[En-Nut-Discussion] Hardware Register Access Using Volatile Pointer

Bernd Walter enut at cicely.de
Tue Apr 26 22:37:44 CEST 2011

On Tue, Apr 26, 2011 at 07:25:54PM +0200, Harald Kipp wrote:
> On 4/26/2011 6:45 PM, Bernd Walter wrote:
> > On Tue, Apr 26, 2011 at 02:55:28PM +0200, Harald Kipp wrote:
> >> My view differs. If the programmer knows better, than he better use
> >> memory barriers instead of volatiles. Simple reason: There are cases,
> >> where the order of I/O register reading and writing is not important at
> >> all. Why not let the compiler decide and only use memory barriers where
> >> required?
> >
> > True, but do you think that the programmers order is usually that bad?
> > If you read/write 10 registers without specific order requirement.
> > How likely do you think that the compiler can gain a win by reordering
> > them?
> I agree, that in most cases there will not be much room for 
> optimization. But if there is room, the programmer will not be able to 
> see it. The decisions are made on register level, which is beyond the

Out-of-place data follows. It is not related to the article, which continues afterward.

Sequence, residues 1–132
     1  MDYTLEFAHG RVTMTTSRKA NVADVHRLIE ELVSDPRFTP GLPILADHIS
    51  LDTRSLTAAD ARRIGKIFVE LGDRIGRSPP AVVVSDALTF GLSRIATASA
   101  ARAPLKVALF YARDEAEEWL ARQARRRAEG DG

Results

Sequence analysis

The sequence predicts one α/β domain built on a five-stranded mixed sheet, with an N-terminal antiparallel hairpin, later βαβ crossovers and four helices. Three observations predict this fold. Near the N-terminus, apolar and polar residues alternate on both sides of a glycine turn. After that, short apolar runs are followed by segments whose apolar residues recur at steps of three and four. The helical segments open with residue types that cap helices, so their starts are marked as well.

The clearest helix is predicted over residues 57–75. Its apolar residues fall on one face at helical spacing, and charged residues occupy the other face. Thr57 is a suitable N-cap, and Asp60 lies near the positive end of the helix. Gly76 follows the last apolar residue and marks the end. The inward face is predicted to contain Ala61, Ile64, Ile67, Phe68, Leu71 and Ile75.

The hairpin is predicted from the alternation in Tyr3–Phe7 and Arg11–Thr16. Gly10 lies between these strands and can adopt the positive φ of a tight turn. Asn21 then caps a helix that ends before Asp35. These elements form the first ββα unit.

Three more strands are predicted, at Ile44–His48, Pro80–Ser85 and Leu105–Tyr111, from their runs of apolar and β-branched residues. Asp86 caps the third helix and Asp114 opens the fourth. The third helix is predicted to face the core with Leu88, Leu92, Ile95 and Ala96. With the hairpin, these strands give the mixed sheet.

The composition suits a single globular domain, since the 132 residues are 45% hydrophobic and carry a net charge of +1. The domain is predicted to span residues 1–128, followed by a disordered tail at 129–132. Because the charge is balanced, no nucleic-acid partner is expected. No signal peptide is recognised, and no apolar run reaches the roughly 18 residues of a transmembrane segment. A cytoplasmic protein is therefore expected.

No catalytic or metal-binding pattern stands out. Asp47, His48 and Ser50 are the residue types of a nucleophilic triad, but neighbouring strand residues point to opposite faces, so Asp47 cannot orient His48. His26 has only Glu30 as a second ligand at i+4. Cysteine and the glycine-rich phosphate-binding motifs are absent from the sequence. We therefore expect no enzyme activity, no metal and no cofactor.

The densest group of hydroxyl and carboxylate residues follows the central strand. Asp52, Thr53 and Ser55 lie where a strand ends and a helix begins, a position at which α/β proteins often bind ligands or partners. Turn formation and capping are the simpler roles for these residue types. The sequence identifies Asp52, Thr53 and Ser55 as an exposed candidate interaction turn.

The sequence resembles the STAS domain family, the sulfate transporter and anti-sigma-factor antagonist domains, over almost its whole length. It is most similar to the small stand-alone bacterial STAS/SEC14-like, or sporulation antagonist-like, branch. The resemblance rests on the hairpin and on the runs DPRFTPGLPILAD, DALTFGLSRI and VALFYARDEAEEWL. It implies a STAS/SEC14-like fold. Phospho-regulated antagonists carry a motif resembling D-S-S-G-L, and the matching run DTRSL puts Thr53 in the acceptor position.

> imagination of the programmer.

Right, but on the other hand adding barriers disallows the compiler to
do other optimizations, which I believe are more likely.
Using barriers instead of volatiles is not costless.
With barriers the compiler is still free to cache local variable in
regisers, since the compiler has a complete view about their use.
But whenever you use other variables the barrier will force additional
memory and instruction cycles.
Of course it is debatable which one has more potential.
In my opinion it is easier for the programmer to get most of the
register reorder win, by writing reasonable code without loosing the
other optimizations, which are impossible to get back.
And you are calling for new kind of programming bugs.
E.g. writing two times the same value to the same register as required
for SPI reset workaround on some AT91.

B.Walter <bernd at bwct.de> http://www.bwct.de
Modbus/TCP Ethernet I/O Baugruppen, ARM basierte FreeBSD Rechner uvm.

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